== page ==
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Volume 10, 1877
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[Read before the Wellington Philosophical Society, 12th January, 1878.]

One of the most interesting branches of scientific investigation is the displacement or replacement of plants and animals which we know is now in progress over nearly all parts of the earth's surface. In islands and continents where man has not taken up his permanent abode, the process is slow but none the less certain; seeds of plants from other latitudes, wafted by the waves, germinate on the shore, and finding a suitable habitat, are gradually diffused through the interior; other seeds, or possibly fragments of plants themselves, are borne by birds, even by insects, or in some rare cases carried by winds; seeds of plants from more distant regions may be accidentally thrown overboard from passing ships, or the sailor landing to inter his dead shipmate, leaves behind him the northern chickweed, or the broad-leaved plantain, which so habitually follows the track of the pioneers of civilization that the North American Indians have poetically termed it the “footstep of the whites.” It is easy to realize how by these and similar noiseless agencies, material changes may be produced in the aspect of the flora of an uninhabited country in the course of centuries. But with the advent of man other forces acting in the same direction are brought into operation partly by design and partly by accident, so that for a time these changes are accelerated in a constantly increasing ratio, and the work of centuries is compressed into a decade. The forest is destroyed, the vegetation of the plain is changed, or at least so intermixed with exotic plants that its aspect is entirely new. Foreign weedy plants spread through the land, destroying by their superior vigour much of the original vegetation. In more distant situations sheep and cattle feeding closely upon the herbs, or on the tender shoots of shrubs,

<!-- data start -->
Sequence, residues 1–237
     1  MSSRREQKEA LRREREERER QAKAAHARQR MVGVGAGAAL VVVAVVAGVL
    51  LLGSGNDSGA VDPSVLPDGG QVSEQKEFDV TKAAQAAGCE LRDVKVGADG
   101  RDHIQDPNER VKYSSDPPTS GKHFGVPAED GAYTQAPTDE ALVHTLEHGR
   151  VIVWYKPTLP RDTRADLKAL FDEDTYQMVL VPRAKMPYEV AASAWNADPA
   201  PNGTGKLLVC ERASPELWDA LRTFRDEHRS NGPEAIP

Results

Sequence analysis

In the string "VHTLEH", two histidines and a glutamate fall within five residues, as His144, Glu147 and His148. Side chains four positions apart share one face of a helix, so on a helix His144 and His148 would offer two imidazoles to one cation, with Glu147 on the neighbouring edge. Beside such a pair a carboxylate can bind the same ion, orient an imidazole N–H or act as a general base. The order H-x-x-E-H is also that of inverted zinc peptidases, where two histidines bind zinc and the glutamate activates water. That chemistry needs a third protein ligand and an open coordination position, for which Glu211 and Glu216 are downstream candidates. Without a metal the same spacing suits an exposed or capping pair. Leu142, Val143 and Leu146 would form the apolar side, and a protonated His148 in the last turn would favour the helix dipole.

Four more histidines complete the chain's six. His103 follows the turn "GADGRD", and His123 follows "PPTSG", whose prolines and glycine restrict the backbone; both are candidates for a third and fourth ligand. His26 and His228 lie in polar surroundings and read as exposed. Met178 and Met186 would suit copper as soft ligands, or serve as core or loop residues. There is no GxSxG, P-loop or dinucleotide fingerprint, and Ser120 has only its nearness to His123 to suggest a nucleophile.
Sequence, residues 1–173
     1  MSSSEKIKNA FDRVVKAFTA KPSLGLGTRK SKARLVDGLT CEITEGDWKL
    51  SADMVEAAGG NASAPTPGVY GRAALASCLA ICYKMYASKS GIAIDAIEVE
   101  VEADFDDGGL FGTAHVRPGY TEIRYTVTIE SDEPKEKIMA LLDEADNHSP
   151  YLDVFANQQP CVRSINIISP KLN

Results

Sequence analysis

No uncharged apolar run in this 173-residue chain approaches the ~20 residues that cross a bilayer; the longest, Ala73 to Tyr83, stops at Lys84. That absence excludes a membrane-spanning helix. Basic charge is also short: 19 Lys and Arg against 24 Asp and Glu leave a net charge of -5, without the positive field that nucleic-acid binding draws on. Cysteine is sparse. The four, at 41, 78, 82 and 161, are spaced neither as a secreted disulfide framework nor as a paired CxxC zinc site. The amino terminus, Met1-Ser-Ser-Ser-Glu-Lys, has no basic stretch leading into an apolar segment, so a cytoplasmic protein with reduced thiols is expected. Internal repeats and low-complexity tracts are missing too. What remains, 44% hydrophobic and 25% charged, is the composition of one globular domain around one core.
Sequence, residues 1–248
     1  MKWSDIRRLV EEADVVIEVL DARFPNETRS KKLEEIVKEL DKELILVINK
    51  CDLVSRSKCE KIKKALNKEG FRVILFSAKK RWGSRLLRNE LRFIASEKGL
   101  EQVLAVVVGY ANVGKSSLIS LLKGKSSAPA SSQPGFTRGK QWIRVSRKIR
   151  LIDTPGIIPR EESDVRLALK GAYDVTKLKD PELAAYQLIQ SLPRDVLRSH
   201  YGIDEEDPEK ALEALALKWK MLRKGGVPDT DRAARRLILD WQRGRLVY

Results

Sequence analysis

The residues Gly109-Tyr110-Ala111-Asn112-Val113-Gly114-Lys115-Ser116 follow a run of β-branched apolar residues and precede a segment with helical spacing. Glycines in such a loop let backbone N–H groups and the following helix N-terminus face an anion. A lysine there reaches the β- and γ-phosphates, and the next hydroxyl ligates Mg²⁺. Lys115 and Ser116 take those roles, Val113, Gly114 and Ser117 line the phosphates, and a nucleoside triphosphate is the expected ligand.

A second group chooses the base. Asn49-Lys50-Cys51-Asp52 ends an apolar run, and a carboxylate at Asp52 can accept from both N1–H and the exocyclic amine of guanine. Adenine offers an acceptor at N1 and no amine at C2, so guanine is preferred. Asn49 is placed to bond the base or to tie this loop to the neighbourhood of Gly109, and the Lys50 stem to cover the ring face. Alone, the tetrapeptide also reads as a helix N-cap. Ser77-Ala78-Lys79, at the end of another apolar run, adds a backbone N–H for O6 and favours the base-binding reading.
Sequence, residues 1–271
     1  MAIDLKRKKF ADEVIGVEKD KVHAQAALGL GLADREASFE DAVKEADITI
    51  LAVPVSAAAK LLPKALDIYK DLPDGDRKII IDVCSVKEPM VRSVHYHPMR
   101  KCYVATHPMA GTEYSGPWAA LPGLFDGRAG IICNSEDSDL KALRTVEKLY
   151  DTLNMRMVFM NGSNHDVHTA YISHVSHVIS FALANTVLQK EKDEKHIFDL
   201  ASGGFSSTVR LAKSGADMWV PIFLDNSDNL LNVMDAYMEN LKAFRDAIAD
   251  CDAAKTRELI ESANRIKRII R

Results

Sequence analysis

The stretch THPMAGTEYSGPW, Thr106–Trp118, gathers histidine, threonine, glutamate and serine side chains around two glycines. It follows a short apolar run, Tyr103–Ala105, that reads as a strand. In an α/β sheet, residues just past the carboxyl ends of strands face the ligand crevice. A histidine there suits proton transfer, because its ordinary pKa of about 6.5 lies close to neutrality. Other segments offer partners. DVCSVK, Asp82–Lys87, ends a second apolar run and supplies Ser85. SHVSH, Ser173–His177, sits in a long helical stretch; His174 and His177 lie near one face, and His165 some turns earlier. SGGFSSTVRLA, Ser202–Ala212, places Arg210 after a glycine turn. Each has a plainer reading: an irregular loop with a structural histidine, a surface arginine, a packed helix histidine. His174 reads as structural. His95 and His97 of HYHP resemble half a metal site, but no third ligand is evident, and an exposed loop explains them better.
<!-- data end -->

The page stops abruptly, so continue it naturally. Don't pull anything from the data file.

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speedily destroy the undergrowth, admitting the light and air. These in their turn act unfavourably on the larger vegetation which has attained its growth in a dark damp atmosphere, and the injurious agency gradually extends over a constantly widening area. But in this colony it rarely happens that the process of displacement passes into complete replacement; it rarely or never results in the extirpation of indigenous species, although it greatly reduces the number of individuals. The admission of air and light, while unfavourable to certain plants, tends to increase the vigour of others, which exhibit a luxuriant growth they had never before displayed, and at length a turning-point is reached, the invaders lose a portion of their vigour and become less encroaching, while the indigenous plants find the struggle less severe and gradually recover a portion of their lost ground, the result being the gradual amalgamation of those kinds best adapted to hold their own in the struggle for existence with the introduced forms, and the restriction of those less favourably adapted to habitats which afford them special advantages. This, in brief, is a statement of the phenomena now in progress throughout the colony; but at present we are not in a position fully to appreciate several of its bearings.